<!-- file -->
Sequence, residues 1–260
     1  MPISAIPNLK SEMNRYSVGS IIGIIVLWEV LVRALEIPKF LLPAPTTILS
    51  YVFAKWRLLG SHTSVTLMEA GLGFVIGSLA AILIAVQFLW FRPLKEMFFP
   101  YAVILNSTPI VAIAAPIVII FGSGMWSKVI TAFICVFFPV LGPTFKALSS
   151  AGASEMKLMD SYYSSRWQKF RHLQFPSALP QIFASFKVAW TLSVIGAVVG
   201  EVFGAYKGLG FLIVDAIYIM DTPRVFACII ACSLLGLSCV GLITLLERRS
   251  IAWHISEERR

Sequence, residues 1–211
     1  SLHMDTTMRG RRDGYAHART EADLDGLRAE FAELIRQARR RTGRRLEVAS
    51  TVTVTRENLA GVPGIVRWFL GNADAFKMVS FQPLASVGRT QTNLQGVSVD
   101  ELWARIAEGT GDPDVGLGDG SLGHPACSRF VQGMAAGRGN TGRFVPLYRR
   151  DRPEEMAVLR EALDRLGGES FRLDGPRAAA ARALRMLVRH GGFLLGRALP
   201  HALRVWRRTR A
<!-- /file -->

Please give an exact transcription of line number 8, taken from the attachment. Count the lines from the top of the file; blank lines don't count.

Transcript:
Sequence, residues 1–211